Can Solar Panels Go Through A Car Wash? (With Alternatives)


S​olar panels mounted on the roof of your car or RV can provide electricity when you’re off the grid and reduce your fossil fuel usage. Solar panels for cars, camper vans, and RV’s are constantly becoming more affordable, making them an attractive choice for eco-conscious travelers. However, your vehicle will get dirty at some point…Can the solar panels on your vehicle go through a car wash?

S​olar panels mounted on cars, RVs, and other vehicles should not go through a car wash. The brushes in a soft-touch car wash may get caught on the solar panels, ripping them off of the vehicle. While touch-less car washes won’t rip panels off of your car, they will soak your solar panels with soap and other residues which shorten the lifespan of your panels.

Car Going Through Touch-less Car Wash

But…there must be a reason why they can’t go through a car wash and some ideas on how to keep your vehicle (and solar panels) clean and absorbing all the sun they can. Well, I did some digging and asked some professionals and put it all together for you…check it out!

W​hy Can’t Solar Panels Go Through A Soft-Touch Car Wash?

Generally, larger vehicles with roof-mounted solar panels are too large to fit into soft-touch car washes since they have height limits of 84 inches. Most RV’s don’t fit into these car washes even without solar panels. Smaller vehicles and trailers may also be too tall once solar panels are mounted.

I​f your vehicle will safely fit into a soft-touch car wash, it’s still not safe for your solar panels. No matter how securely you attach the panels, you risk the machinery in the car wash getting caught underneath the panels and ripping them off. Car washes aren’t liable for damage to your vehicle or panels, so you’ll have to repair or replace them on your own dime.

W​hy Shouldn’t Solar Panels Go Through Touch-Free Car Washes?

Generally, going through touch-less car washes with roof mounted solar panels isn’t a great idea since the soap used in these car washes leave behind a residue that can build up and block sun rays from reaching your solar panels. Any blockage to your solar panels will reduce their energy output.

Going through touch-free car washes with your roof-mounted solar panels is significantly safer than going through a soft-touch car wash. Since solar panels are designed to withstand high winds and rainfall, you won’t have to worry about the panels coming loose.

H​owever, power washing your solar panels still isn’t a good idea if you use soap. According to Solar Power World, soaps leave behind a residue on the solar panels. This causes the panels to have a reduced ability to absorb light, meaning they’ll produce less power.

The residue can also create a sticky substance on the surface of the solar panels, creating the perfect place for dirt to hide. Of course, this defeats the whole purpose of washing your solar panels in the first place. If you do decide to power wash your solar panel-equipped vehicle, don’t get soapy water from the power washer on the solar panels.

Pressure Washing Solar Panels on RV

A​lternatives To Taking Solar Panels Through A Car Wash

Y​ou’ll have to wash your vehicle at some point…thankfully, there are alternatives to taking your solar panels through a soft-touch car wash or covering them with residue-producing soap. These methods are more labor-intensive, but they’ll keep your solar panels safe and operational for years to come.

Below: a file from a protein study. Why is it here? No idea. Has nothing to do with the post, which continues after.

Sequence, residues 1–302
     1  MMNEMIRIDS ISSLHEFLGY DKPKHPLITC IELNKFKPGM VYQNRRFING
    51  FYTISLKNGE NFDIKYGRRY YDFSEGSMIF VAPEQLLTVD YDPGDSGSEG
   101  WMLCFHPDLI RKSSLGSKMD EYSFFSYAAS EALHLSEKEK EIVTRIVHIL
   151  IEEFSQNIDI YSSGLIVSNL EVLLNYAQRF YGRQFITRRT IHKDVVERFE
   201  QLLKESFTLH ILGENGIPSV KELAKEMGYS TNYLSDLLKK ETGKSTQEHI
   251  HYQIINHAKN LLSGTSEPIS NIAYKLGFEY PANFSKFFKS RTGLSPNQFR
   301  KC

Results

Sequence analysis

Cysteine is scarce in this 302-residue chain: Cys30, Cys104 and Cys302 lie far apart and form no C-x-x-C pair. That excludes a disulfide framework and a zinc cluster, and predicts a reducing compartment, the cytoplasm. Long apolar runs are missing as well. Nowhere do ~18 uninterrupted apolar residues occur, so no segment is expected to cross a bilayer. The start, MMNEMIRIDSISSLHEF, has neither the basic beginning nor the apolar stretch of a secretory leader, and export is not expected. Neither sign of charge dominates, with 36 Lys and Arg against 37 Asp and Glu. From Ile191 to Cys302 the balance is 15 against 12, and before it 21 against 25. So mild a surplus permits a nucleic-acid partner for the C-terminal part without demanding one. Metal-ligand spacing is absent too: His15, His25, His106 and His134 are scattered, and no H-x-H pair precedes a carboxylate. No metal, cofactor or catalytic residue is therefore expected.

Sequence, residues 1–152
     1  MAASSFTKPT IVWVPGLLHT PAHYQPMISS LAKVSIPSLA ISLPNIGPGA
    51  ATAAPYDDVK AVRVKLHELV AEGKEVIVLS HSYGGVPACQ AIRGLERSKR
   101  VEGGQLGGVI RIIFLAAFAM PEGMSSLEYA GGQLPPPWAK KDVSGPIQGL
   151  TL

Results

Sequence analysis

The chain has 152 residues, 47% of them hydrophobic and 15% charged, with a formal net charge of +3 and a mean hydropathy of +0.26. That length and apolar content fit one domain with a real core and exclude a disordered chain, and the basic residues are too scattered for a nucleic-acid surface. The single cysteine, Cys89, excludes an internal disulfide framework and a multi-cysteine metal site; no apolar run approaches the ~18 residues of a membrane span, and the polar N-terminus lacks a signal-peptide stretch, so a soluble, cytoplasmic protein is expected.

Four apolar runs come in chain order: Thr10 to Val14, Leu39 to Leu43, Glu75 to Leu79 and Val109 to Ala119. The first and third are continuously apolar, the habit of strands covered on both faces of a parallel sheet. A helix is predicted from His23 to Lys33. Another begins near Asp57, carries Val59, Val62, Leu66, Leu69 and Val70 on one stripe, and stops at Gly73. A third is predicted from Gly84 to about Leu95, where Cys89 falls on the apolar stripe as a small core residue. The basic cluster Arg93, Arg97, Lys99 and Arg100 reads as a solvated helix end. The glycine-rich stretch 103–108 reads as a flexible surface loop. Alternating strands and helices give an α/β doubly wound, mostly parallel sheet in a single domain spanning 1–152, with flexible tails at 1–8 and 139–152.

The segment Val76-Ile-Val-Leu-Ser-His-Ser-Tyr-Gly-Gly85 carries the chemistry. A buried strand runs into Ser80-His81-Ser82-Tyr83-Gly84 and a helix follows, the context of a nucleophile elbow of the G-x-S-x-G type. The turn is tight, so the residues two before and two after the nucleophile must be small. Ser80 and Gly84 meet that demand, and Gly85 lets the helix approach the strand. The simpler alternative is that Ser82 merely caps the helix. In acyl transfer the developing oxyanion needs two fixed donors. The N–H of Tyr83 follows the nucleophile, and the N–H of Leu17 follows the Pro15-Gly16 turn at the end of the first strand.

• Hand Wash – It’s safe to clean your solar panels this by hand using mild dish soap and soft cloths and brushes. This method won’t scratch the panels or leave a residue behind. While this is the most labor-intensive method of washing your vehicle, it’ll keep your panels safe and give your car an extra shine.
  • Pressure Washer – O​f course, it can be difficult to hand-wash larger vehicles like motor homes and RVs. In these cases, it’s fine to use a pressure washer. Just be sure to keep the nozzle pointed away from the solar panels when dispensing soap. The spray from a pressure washer can be quite intense and can damage your panels.
    I​n fact, it’s perfectly acceptable to keep the nozzle pointed away from the solar panels through the whole wash. Unless your solar panels get extremely dirty, they’ll stay operational without being washed. When exposed to rain, any dirt and debris will be washed away.

W​hen Do Solar Panels Need To Be Washed?

Dusty Solar Panels

While solar panels typically stay clean enough on their own, there may be times when cleaning your panels is necessary. For example, if they are covered in mud, they’ll need a wash to operate efficiently. Likewise, if you’ve driven through a dust storm and there’s no rain in the forecast, you might need to give the panels a quick clean.

H​ere are some easy steps for washing your solar panels when they are extremely dirty:

  • M​ake sure the solar panels are turned off. This will not only keep you safe, it’ll make sure no soap or water gets inside your solar panels.
  • R​emove any caked-on debris with a soft cloth or gentle brush. Don’t scrub vigorously, as this may scratch the surface of the solar panel.
  • G​ently hose off the solar panel. Avoid using a pressure washer if at all possible to avoid cracking the surface of your solar panel.
  • I​f necessary, clean remaining debris with a mild dish soap and cotton cloth. At this point, the dirt should be easily removable.
  • L​et your solar panels air dry.

F​inal Thoughts

E​ven though car washes are quick and easy, they’re a bad idea if you’ve got solar panels mounted on your vehicle. To keep from damaging your solar panels, hand wash your vehicle or keep pressure washers away from the surface of the panels. When they’re really dirty, rinse your panels with a mild soap and soft cloth to keep them in great operating condition for many adventures to come.

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